COMMENTARY | Now that Mitt Romney has named Paul Ryan as his running mate, it is not only understandable but in a real way legitimate to put the budget plan which bears his name on the table. Although it is doubtful Romney accepts the Ryan plan whole cloth, he did make it clear during their first joint interview that he was in agreement with Ryan’s idea to turn Medicare into a voucher system. In defense of ending Medicare as we know it, supporters of Ryan invariably point out that he would make an exception for those 55 and older . Although this may seem a reasonable strategy, excluding a large group of citizens from the impact of the proposal is a morally reprehensible but sadly unsurprising attack on civic virtue from a party that does not seem to have much use for that concept these days.
How did it come to this? The Republicans used to be big proponents of virtue, including civic virtue. Ronald Reagan’s Secretary of Education, William Bennett, penned a couple of best-selling books on the topic. At the core of civic virtue is the notion of shared sacrifice. If we all benefit when our country prospers, then we should all to some degree endure suffering during times of hardship. At no point in our nation’s history was this embodied more than in World War II. Almost every family had someone in the war effort, while those at home underwent restrictions of material comfort as well as the imposition of financial costs in the form of taxes. This ideal was illustrated as well with President Kennedy’s famous request that we ask ourselves what we can do for our country.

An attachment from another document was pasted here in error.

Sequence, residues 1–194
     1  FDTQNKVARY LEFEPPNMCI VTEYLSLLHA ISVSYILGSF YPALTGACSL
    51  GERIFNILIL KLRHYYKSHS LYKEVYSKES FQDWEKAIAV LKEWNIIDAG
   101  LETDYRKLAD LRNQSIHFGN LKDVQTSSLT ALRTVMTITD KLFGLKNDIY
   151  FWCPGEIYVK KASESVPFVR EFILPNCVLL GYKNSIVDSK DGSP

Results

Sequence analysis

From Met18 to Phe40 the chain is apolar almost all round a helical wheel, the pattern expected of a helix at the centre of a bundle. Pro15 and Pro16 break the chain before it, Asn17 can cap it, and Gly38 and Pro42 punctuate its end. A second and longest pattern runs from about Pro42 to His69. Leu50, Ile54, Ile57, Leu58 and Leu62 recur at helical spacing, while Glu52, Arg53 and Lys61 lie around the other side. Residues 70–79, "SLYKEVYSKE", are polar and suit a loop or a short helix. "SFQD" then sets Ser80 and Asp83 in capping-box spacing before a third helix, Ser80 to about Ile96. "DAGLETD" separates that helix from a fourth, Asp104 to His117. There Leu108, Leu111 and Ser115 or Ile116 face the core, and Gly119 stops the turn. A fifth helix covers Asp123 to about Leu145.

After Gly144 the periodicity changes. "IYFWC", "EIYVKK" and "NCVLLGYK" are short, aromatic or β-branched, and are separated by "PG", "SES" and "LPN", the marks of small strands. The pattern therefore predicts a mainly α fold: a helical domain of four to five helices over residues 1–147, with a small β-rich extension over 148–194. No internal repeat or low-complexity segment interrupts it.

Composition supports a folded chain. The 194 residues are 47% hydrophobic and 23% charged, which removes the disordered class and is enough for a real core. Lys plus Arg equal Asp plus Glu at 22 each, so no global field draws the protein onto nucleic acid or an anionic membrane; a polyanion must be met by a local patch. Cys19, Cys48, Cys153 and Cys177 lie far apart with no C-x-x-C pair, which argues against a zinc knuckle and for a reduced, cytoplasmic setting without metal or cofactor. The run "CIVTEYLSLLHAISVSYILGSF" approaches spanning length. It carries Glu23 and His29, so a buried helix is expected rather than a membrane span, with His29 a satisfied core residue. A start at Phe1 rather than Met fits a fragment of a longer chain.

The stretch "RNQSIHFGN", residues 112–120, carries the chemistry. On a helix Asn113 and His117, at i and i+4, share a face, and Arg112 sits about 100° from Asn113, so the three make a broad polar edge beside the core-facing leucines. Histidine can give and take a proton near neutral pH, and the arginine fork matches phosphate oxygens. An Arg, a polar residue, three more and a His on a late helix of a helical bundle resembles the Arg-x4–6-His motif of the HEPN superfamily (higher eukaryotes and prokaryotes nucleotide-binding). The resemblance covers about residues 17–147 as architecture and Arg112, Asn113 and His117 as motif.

It is hard to pinpoint when the national fabric began to fray. But by giving a tax cut during wartime, most of which went to those with upper incomes , the Bush administration flipped the idea of shared sacrifice at times of national crisis on its head. Instead of an evenly distributed burden, those who had the most would bizarrely be asked to do the least, or rather, nothing at all. Similarly, by making an exception for those already on Medicare or soon to enroll, the Romney-Ryan proposal so clearly violates the notion of shared sacrifice that it cannot be taken morally seriously but must be seen for what it is: a politically motivated attempt to bribe one group to go along with a plan which obviously disadvantages the rest of the population. Driven by a natural self-interest, today’s seniors may well take them up on this offer. Sadly, if they do, this will signal the demise of the one virtue necessary if we are to successfully confront the great fiscal challenges that lie ahead.